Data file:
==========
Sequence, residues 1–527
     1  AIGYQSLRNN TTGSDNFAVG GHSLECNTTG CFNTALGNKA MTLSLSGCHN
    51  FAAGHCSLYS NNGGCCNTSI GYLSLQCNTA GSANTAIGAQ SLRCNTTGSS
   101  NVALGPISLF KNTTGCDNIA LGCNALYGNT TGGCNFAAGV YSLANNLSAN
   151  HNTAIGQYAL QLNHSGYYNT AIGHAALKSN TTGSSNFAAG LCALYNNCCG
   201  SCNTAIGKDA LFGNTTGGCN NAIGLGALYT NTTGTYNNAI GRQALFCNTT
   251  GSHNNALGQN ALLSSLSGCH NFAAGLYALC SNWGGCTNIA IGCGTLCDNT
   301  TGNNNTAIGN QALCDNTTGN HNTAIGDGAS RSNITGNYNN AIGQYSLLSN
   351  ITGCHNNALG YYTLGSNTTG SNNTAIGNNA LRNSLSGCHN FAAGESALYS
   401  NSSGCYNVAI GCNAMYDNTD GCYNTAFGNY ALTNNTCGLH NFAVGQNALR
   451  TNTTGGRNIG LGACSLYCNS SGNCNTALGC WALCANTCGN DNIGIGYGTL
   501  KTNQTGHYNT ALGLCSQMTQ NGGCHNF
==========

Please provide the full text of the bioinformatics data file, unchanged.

Sequence, residues 1–527
     1  AIGYQSLRNN TTGSDNFAVG GHSLECNTTG CFNTALGNKA MTLSLSGCHN
    51  FAAGHCSLYS NNGGCCNTSI GYLSLQCNTA GSANTAIGAQ SLRCNTTGSS
   101  NVALGPISLF KNTTGCDNIA LGCNALYGNT TGGCNFAAGV YSLANNLSAN
   151  HNTAIGQYAL QLNHSGYYNT AIGHAALKSN TTGSSNFAAG LCALYNNCCG
   201  SCNTAIGKDA LFGNTTGGCN NAIGLGALYT NTTGTYNNAI GRQALFCNTT
   251  GSHNNALGQN ALLSSLSGCH NFAAGLYALC SNWGGCTNIA IGCGTLCDNT
   301  TGNNNTAIGN QALCDNTTGN HNTAIGDGAS RSNITGNYNN AIGQYSLLSN
   351  ITGCHNNALG YYTLGSNTTG SNNTAIGNNA LRNSLSGCHN FAAGESALYS
   401  NSSGCYNVAI GCNAMYDNTD GCYNTAFGNY ALTNNTCGLH NFAVGQNALR
   451  TNTTGGRNIG LGACSLYCNS SGNCNTALGC WALCANTCGN DNIGIGYGTL
   501  KTNQTGHYNT ALGLCSQMTQ NGGCHNF